Tuesday, September 14, 2010

In short: Valhalla Rising (2009)

It's the early Middle Ages, in Scotland. A mute, one-eyed man - called, if called at all "One Eye" - (Mads Mikkelsen) has been the captive of a small clan of people prone to sitting around staring into the emptiness of the Highlands for years. They use his disturbing prowess at fighting in ritual fights against other clans, but treat the man at best as a very dangerous animal. A boy (Maarten Stevenson) of the clan helps One Eye escape his chains, giving him the opportunity to slaughter his captors quite effectively.

Afterwards, One Eye and the boy wander through the hills until they meet a small group of violently minded Christians who are, as they say, on their way to the Holy Land. The man and the boy join the group, and soon find themselves on a ship bound wherever their hosts think that Holy Land might be. One Eye is given to visions with an undertone of doom, so he doesn't seem at all surprised when their ship gets stuck in an unnatural fog bank that envelopes the vessel for days on end. Some of his companions soon think that One Eye is cursed and leading them all into hell, but the man is not the sort of person one wins a violent encounter with.

After a long time, the fog lifts, and the group finds itself in a place that might be America, or hell. Obviously, danger awaits, most of it of a more spiritual nature, but there are also arrows.

An audience expecting Nicolas Winding Refn's Valhalla Rising to be the movie equivalent to Viking Metal (not that there's anything wrong with that for me, mind you) will probably be disappointed by the film, as will friends of films with obvious and "realistic" (whatever that means) plotting that make themselves so clear their contents might as well be just read about instead of experienced.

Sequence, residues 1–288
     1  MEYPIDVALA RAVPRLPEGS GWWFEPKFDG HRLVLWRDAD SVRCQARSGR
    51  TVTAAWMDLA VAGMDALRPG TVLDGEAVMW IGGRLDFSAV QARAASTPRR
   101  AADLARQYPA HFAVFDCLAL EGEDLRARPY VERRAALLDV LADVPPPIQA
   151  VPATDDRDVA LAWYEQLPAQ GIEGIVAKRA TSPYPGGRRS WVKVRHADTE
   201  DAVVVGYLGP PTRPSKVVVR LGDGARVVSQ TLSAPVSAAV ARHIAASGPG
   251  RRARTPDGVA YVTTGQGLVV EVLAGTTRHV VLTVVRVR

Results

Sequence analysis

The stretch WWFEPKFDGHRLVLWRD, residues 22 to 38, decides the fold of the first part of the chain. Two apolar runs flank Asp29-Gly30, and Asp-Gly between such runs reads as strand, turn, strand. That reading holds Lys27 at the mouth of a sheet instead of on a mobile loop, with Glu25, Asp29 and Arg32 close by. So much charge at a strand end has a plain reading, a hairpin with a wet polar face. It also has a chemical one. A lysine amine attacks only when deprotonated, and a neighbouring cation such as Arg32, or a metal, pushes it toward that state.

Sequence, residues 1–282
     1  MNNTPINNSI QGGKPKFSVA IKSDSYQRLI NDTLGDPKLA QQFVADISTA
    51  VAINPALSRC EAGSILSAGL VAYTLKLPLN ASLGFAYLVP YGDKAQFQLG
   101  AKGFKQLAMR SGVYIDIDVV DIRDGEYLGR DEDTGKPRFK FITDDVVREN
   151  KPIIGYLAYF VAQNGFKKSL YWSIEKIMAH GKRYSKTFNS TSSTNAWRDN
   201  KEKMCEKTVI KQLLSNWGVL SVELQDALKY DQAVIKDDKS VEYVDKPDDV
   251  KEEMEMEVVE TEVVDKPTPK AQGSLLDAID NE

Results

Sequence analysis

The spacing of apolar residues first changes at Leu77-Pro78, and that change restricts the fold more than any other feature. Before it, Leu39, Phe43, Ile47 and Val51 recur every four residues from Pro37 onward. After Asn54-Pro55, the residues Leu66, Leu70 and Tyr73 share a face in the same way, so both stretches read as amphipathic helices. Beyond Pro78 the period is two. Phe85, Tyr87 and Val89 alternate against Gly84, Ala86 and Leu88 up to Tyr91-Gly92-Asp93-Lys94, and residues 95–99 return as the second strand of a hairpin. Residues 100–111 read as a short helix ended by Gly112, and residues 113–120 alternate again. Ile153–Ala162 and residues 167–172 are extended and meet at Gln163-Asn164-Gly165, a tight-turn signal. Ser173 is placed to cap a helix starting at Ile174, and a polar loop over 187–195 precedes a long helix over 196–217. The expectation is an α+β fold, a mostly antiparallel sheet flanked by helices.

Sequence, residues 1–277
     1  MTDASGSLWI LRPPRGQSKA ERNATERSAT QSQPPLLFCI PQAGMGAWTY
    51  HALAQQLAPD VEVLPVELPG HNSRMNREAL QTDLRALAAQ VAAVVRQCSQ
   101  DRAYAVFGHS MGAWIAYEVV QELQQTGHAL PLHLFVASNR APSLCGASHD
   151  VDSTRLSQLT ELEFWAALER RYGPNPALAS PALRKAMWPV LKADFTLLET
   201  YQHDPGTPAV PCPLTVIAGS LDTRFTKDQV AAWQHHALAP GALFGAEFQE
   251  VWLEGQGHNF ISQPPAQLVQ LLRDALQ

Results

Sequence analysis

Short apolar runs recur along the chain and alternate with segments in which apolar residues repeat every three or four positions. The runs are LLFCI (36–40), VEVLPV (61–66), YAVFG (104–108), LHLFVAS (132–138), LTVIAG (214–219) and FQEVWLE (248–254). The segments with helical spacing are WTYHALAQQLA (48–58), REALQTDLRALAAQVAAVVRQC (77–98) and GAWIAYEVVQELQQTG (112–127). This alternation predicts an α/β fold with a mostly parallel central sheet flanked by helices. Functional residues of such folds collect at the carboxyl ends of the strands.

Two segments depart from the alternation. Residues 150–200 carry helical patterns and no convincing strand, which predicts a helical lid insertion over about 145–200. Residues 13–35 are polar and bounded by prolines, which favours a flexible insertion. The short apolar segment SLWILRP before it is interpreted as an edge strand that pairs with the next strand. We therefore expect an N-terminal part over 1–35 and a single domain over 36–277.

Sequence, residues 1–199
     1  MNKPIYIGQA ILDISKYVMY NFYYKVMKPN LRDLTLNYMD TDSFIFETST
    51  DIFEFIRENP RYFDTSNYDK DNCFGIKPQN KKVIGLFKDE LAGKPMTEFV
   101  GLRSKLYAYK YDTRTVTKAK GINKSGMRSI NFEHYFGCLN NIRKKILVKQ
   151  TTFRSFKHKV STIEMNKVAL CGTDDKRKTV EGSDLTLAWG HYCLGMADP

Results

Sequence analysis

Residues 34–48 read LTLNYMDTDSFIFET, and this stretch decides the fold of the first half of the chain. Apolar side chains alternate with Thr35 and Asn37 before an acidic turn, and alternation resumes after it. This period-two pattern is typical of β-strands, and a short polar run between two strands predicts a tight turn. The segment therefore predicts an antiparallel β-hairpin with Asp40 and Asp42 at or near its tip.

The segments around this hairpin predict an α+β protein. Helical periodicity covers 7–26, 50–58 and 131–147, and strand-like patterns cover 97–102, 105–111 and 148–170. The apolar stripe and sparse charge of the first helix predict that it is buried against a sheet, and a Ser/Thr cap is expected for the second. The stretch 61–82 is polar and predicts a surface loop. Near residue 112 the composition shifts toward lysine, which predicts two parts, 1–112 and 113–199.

Refn's film is quite unlike that sort of movie. It's more of a very violent art house film that shows enticing possibilities for more than one interpretation of its meaning, but isn't willing to play the meaning-reducing game of allegory. Which doesn't mean that there aren't elements of allegory to be found here - it would need a certain type of IMDB reviewer to miss the religious connotations - but that only seeing the allegorical possibilities would close one's view on other aspects of the film, and very possibly the part of the movie going experience that is about seeing and feeling. Large parts of the movie add up to more than mere allegory and make use of the fact that everything we see on screen can be a metaphor and something concrete in the reality of the film at once, leaving the viewer to decide on the film's meaning instead of shoving it in her face.

Much of the Valhalla Rising plays in the spaces between what's real and what's metaphorical, and I think it will work best for an audience going into it with a very open mind, willing to confront the tension between the film's gritty violence, the awe-inspiring bleakness of its locations and its indifference towards the expectation of how narrative or acting are supposed to be done on screen.

I for my part found Valhalla utterly fascinating, and Refn's insistence on making a movie that's not too readily accessible without being hermetic admirable.


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